Image courtesy of Sam Greenhalgh via Flickr (cc 2.0)
In the previous part, we spoke of how speed reading and deducing meaning can lead to better comprehension. Here are some more techniques for you to try:
- Improve concentration
Your powers of concentration perhaps affect your ability to understand a piece of text more than anything else, so train yourself to concentrate well over long periods. Are you wondering how? Well, take one small step at a time. To begin with, see if you are able to focus on what you are reading for about 10 to 15 minutes, increasing the reading time as you go along. The ultimate goal should be to form an ability to concentrate on a task for as long as an hour.
- Widen vocabulary
Unfamiliar vocabulary is often a stumbling block to reading comprehension, so the more words you are able to recognise, the better you understand a text. One way to learn new vocabulary is by maintaining a running list of words you don’t understand; later, you can look them up in a dictionary. Of course, you need to make it a point to use the words too, while speaking or writing, so that they become a part of your active vocabulary.
- Expand background knowledge
Background knowledge and vocabulary sort of go hand in hand: an individual who doesn’t know much about factories may not understand words such as supply chain, reverse engineering, or lay-off. Do not panic though, as there are several ways to acquire background knowledge about something – watching TV programmes, reading articles, talking to people with experience, making visits, etc.
- Read for pleasure
We commonly turn academic activities into a right struggle, not realising that it doesn’t have to be that way! Turn reading into a fun activity by reading for pleasure: read about your favourite movie star or an exotic holiday destination, or read a novel by your favourite author. This will help you truly engage with the text, because you are reading content that you find interesting.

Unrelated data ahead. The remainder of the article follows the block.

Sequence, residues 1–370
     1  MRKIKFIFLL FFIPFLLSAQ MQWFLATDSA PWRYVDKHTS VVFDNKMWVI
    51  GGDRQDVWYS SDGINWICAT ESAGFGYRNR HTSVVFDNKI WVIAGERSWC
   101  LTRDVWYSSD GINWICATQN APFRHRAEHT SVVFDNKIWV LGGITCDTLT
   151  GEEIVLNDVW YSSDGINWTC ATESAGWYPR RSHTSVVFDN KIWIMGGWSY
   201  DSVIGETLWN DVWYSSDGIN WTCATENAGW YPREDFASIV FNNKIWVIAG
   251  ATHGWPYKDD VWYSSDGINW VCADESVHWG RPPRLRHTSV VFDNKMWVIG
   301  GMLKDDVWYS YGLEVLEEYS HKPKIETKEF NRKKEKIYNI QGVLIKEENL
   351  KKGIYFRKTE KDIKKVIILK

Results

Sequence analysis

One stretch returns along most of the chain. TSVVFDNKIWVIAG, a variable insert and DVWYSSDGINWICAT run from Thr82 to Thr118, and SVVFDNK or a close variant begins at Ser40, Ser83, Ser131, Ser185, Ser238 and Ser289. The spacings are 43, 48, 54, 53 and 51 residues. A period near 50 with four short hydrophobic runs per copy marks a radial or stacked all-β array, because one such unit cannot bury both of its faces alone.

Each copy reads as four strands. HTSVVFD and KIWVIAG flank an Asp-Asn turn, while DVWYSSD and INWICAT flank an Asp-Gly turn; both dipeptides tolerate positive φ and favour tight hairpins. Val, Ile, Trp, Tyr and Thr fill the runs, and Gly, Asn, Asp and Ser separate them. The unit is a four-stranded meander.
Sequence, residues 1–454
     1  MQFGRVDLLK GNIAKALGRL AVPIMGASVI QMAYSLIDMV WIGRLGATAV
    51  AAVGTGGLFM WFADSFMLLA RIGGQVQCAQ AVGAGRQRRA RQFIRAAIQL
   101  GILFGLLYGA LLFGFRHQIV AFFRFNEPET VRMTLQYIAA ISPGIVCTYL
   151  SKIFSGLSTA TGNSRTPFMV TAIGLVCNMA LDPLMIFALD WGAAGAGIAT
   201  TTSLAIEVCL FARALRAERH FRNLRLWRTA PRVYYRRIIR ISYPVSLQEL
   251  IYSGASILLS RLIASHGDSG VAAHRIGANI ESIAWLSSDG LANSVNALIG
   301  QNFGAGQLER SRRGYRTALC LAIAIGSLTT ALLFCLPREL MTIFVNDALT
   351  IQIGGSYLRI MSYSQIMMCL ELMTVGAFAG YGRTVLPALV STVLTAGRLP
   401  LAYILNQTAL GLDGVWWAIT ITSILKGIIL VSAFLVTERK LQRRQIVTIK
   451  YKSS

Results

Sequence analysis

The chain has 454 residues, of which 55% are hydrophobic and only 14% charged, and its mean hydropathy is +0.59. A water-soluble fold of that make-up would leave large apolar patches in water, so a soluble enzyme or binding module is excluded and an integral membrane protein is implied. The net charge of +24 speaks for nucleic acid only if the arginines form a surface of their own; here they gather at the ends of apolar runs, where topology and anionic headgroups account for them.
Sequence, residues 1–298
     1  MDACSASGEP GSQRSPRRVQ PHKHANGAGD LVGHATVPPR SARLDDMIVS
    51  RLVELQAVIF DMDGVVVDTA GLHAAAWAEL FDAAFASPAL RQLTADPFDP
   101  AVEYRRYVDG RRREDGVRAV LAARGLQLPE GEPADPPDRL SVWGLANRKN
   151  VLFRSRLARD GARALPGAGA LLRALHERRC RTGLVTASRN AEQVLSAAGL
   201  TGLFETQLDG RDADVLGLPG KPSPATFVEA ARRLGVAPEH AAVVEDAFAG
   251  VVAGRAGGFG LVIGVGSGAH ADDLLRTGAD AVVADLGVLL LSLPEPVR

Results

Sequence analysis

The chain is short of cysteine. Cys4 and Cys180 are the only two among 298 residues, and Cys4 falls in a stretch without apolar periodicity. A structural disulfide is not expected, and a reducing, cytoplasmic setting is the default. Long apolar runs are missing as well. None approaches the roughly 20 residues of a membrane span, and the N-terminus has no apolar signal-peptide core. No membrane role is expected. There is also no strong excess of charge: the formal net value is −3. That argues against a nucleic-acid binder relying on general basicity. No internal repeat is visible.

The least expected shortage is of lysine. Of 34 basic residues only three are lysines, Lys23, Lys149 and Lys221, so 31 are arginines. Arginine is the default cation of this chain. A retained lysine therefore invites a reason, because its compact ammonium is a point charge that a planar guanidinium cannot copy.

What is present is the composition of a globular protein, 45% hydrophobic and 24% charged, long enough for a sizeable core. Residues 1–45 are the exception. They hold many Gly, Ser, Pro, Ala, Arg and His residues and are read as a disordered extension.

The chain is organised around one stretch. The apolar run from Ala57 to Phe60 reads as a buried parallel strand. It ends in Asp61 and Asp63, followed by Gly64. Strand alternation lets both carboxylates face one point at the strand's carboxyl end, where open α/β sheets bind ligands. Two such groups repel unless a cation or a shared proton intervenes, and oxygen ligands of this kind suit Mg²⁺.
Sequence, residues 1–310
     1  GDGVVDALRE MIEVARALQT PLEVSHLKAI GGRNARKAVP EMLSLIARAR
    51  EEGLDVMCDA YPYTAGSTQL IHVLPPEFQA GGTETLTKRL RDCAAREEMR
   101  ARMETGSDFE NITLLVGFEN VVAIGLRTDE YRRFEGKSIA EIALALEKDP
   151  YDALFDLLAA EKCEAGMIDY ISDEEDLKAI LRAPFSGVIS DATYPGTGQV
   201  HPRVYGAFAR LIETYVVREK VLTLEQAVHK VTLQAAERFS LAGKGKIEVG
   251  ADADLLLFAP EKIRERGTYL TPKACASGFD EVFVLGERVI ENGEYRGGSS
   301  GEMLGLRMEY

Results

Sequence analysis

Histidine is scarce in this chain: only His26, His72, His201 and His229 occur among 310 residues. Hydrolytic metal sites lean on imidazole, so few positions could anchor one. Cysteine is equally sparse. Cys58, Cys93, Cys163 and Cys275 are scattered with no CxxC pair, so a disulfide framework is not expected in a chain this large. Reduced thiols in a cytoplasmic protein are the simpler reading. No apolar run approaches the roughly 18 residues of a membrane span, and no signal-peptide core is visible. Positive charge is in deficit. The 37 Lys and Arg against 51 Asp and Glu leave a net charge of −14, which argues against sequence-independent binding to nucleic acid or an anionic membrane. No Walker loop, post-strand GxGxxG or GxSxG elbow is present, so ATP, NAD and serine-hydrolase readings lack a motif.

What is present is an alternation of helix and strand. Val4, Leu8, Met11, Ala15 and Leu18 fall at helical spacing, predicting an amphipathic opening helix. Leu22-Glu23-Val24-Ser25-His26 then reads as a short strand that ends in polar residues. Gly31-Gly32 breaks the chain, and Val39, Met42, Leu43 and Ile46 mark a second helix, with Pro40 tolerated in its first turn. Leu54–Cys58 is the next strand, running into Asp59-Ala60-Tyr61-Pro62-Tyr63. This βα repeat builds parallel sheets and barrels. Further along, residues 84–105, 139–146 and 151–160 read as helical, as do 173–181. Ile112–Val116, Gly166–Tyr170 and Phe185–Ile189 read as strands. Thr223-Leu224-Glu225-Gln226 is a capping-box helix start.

Remember, there are no shortcuts to improving your reading ability. Keep at it, and your comprehension will get better with time.
|stumbling block (to something)|
|Meaning||:||something that stops you from achieving something|
|Example||:||Lack of funding is the major stumbling block to completing this project.|
|Example||:||Stanley has had a running battle with the council over his new garage.|
|make it a point (to do something)|
|Meaning||:||to make sure something happens|
|Example||:||Cindy makes it a point to avoid heavy meals while travelling.|
|go hand in hand|
|Meaning||:||to be closely related|
|Example||:||It’s a fact that poverty and crime usually go hand in hand.|
|engage (with something)|
|Meaning||:||to be fully involved and try to understand something|
|Example||:||Young children engage with content that is full of colourful images.|
|keep at (something)|
|Meaning||:||to continue to work on something|
|Example||:||He kept at it and finally learnt how to take a free kick.|